2001-07-21 / Letters

Broad Channel: Then And Now

Broad Channel: Then And Now

Dear Editor:

When I was a little girl (many moons ago) and lived in Broad Channel, there were no roads, only boulevards, and a house here and there. Everything was sand, in fact, most of the time you were eating sand. We had to go to the Post Office on the boardwalk and East 9 Road to pick up our mail, and domestic mail was 2 cents.

If you needed a household item, nail for hammers, you would go to Miller’s hardware because Agustus Cobbery wasn’t there yet. We sure did have a great childhood, drill a hole in the kitchen floor to fish for Kylies on a string, only at high tide though.

The Bay had big eels and even lobsters. How wonderful those days were. A big love of clam chowder and chilidogs. Everyone in the family where fisherman and we lived on it in the depression, we considered ourselves lucky.

In the summer we would plant a few tomato seeds, they’d grow anywhere, even in the sand. Sal Lackey was our garbage man but most of the time pop would bury it in the backyard. I think my baby crib is still there.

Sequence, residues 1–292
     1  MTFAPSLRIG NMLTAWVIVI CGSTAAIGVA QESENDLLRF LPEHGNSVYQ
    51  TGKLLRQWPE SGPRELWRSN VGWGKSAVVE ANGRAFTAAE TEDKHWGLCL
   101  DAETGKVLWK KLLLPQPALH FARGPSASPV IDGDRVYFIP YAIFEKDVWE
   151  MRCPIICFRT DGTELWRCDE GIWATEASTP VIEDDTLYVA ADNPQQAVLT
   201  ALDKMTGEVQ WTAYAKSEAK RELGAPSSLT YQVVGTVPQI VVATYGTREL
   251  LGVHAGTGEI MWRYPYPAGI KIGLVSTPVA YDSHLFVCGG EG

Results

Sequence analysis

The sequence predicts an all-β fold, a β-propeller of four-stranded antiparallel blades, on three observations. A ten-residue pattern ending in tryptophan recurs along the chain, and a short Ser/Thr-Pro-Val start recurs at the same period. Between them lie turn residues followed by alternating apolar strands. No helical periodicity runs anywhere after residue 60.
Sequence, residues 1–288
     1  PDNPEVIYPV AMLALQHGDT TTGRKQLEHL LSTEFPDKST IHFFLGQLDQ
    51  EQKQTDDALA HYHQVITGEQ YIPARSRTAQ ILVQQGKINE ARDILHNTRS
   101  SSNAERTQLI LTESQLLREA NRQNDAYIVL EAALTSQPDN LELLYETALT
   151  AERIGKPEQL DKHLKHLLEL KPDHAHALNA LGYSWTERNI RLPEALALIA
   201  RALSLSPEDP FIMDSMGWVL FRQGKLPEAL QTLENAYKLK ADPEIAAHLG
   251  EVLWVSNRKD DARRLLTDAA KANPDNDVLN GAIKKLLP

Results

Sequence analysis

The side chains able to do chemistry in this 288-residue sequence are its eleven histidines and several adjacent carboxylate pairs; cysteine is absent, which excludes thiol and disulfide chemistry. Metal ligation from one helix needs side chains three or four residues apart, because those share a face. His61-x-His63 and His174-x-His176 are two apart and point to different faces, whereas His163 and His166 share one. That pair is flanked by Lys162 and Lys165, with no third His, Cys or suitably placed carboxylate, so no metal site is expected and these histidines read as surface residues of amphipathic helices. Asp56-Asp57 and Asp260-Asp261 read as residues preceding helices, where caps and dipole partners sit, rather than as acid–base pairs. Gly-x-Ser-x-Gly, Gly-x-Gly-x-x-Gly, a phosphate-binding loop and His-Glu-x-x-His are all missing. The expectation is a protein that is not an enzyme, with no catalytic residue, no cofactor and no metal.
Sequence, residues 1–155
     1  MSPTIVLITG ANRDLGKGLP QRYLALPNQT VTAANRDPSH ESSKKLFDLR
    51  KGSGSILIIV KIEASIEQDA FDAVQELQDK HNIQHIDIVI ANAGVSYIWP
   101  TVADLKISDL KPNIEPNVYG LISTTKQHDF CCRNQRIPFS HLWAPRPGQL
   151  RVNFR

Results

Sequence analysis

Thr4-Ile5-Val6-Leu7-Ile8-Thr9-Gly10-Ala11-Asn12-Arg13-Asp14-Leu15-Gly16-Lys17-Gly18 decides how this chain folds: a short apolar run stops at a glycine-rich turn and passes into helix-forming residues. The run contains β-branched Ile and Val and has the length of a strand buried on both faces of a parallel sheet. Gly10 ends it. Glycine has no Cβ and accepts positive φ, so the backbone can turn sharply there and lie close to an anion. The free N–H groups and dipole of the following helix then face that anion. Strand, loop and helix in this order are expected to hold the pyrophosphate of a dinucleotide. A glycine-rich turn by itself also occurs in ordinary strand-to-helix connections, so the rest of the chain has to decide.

Mr. Andariano was our coal and iceman, along with his son Frank who was his helper. There wasn’t anything that they wouldn’t do for you. Old Frank Baisile would cut your hair for 25 cents.

Time and progress happened, all the old times are gone now. Now there are great homes that line the boulevard, big boats, cars and pools are in the backyards of houses now. Everyone wants to live in Broad Channel.

I miss the old things, no more cesspools, outhouses or coal stoves. My granddad was a writer. His name was Mickey Finn.

Muriel (Berry) Stemmann


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